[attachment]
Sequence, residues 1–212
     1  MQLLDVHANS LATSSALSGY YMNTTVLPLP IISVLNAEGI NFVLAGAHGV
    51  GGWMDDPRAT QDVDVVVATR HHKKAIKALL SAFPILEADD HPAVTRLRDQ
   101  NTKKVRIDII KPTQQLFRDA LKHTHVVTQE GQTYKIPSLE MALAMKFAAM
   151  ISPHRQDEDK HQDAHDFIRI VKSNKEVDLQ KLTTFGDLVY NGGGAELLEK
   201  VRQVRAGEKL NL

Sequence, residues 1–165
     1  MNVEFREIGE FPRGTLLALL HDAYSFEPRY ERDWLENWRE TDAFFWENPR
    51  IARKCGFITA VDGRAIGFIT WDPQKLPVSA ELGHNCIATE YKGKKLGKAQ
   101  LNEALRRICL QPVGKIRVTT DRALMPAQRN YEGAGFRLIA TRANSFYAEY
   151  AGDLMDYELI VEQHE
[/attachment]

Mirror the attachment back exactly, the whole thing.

Sequence, residues 1–212
     1  MQLLDVHANS LATSSALSGY YMNTTVLPLP IISVLNAEGI NFVLAGAHGV
    51  GGWMDDPRAT QDVDVVVATR HHKKAIKALL SAFPILEADD HPAVTRLRDQ
   101  NTKKVRIDII KPTQQLFRDA LKHTHVVTQE GQTYKIPSLE MALAMKFAAM
   151  ISPHRQDEDK HQDAHDFIRI VKSNKEVDLQ KLTTFGDLVY NGGGAELLEK
   201  VRQVRAGEKL NL

Sequence, residues 1–165
     1  MNVEFREIGE FPRGTLLALL HDAYSFEPRY ERDWLENWRE TDAFFWENPR
    51  IARKCGFITA VDGRAIGFIT WDPQKLPVSA ELGHNCIATE YKGKKLGKAQ
   101  LNEALRRICL QPVGKIRVTT DRALMPAQRN YEGAGFRLIA TRANSFYAEY
   151  AGDLMDYELI VEQHE